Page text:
Teachers go green at the Washington STEM Educator Solar Institute

Students and instructors of the Washington STEM Educator Solar Institute install a solar panel on the solar training roof on Shoreline Community College’s campus.

Shoreline Community College’s Clean Energy Technology program hosted eight area middle and high school teachers at the third annual Washington STEM Educator Solar Institute held on Shoreline’s campus August 8-10.

The program is designed to give hands-on training in solar technology to area instructors and to provide Institute participants with techniques to teach solar principles in their classrooms in effective, engaging ways.

Participants learned about basic solar principles, became familiar with photovoltaic (PV) technology by installing a PV system on the college’s solar training roof, and developed a solar PV laboratory lesson for use in their classrooms.

“I’m always looking for current, hands-on material that is going to excite my students,” said Craig Patterson, a middle school math and science teacher who participated in this year’s institute. “And in my experience, middle-school aged kids are very into solar – it’s like magic to them – so the Solar Institute is great because it’s taught me concepts I can easily bring back into the classroom and use to engage and foster my students’ interest in green energy.”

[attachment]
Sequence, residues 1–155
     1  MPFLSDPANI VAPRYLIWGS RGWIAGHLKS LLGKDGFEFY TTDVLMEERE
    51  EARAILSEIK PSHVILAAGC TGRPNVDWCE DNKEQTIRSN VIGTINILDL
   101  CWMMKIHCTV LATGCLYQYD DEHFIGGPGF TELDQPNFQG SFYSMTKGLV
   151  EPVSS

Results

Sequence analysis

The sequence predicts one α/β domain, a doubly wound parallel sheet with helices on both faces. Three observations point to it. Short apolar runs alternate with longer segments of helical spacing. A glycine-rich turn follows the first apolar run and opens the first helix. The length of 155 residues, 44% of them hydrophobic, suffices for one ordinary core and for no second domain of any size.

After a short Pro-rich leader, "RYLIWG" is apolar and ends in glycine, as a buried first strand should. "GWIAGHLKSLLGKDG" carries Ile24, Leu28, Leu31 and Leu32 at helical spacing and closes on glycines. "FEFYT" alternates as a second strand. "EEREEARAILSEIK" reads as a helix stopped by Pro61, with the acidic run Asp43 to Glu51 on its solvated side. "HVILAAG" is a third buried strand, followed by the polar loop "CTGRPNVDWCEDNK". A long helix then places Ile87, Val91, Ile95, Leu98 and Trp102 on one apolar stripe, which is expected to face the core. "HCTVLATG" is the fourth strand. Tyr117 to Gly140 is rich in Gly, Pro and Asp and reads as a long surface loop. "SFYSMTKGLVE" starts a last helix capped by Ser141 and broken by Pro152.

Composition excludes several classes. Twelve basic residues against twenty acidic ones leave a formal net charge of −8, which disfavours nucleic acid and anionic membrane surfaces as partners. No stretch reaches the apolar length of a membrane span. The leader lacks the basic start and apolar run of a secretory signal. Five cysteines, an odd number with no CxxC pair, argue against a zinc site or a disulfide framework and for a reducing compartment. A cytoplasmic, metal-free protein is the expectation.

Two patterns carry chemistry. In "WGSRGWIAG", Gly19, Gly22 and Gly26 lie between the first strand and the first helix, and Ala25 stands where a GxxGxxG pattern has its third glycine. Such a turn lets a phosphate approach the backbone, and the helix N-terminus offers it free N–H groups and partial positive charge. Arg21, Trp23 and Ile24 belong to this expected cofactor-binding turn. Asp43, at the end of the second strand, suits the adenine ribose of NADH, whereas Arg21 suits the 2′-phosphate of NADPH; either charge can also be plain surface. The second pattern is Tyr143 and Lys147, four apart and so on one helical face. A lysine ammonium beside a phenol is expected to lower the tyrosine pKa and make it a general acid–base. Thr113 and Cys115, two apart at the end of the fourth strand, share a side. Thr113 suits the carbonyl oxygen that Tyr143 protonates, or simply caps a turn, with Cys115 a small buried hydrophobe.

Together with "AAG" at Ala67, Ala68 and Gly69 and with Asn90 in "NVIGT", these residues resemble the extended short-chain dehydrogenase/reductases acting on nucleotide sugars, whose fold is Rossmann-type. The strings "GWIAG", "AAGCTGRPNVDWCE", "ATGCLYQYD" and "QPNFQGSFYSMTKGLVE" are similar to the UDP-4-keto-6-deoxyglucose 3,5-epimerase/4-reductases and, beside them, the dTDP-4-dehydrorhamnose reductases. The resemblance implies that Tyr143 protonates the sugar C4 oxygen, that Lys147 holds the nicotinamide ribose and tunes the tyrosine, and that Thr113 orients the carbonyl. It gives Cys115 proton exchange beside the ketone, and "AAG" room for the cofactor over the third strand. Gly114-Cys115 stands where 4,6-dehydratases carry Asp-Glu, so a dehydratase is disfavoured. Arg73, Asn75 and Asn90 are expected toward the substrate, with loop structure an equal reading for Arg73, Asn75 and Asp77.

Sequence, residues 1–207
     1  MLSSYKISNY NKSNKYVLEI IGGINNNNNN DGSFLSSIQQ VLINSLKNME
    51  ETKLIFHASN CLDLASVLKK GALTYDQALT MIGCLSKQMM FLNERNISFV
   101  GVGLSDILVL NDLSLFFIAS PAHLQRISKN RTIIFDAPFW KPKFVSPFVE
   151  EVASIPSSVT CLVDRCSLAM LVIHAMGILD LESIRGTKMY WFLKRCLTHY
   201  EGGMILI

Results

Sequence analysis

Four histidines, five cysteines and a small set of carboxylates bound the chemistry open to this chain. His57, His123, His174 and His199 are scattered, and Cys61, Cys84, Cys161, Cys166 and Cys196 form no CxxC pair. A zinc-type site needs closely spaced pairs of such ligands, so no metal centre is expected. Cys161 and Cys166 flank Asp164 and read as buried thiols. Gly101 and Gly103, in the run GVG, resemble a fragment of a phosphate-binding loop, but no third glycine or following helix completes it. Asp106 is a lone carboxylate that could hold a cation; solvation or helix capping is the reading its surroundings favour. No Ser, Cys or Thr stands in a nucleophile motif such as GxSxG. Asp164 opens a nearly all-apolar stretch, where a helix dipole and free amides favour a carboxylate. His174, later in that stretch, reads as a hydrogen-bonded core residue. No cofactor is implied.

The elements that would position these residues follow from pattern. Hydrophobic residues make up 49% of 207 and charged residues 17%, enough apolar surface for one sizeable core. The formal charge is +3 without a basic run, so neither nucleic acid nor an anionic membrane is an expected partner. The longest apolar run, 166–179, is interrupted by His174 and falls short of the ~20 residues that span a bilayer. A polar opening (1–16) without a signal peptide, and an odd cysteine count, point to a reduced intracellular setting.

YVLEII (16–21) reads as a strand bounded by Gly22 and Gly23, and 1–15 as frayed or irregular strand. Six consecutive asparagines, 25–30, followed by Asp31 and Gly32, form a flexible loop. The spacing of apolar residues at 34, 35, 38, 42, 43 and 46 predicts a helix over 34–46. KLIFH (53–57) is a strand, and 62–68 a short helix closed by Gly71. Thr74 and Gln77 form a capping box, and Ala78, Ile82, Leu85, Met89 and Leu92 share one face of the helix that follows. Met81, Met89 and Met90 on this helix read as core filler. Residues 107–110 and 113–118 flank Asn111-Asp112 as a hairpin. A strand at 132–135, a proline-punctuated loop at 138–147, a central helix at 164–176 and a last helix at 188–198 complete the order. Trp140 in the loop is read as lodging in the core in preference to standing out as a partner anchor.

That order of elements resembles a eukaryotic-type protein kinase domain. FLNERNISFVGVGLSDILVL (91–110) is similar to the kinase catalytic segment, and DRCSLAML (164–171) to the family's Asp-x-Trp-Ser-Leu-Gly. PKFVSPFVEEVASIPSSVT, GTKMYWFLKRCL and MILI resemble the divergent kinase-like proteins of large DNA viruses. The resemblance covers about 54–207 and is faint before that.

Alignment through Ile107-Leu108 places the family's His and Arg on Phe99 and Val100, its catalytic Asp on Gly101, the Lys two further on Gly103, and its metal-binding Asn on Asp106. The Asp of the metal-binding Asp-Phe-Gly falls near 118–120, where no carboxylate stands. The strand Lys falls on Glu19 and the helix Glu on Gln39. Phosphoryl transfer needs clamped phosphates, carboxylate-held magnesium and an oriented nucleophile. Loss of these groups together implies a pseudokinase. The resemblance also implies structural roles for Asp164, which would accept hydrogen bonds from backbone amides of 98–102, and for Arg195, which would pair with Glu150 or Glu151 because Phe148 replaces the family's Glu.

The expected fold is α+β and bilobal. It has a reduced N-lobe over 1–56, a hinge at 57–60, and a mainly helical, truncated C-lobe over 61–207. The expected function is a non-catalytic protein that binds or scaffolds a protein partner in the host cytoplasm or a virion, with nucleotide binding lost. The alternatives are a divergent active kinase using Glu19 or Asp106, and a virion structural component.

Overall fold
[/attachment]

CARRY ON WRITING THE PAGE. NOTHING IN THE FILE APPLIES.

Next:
“Solar technology is a booming industry in the Puget Sound region,” said Louise Petruzzella, Director of the Clean Energy Technology program at Shoreline. “As the go-to institution for clean energy training in the region, it’s very important to us to offer resources and learning opportunities for STEM educators who can offer their students a look into the techniques, the technology, and the industry and to open their eyes to a potential career they may not have thought about.”

Patterson is already thinking about how he can incorporate the techniques learned at the institute into his middle school curriculum for fall. “The technology I learned at the institute has a lot of applications for the scientific method and the engineering design process. I’m excited to think about having students assemble a PV system and make predictions about how it’s going to behave and to systematically test it under different conditions. And it’s scalable – lots of room to match your curriculum to your resources and your students’ interests.”

Get more information about the Solar Institute. Learn more about Shoreline’s Clean Energy Technology program.

 

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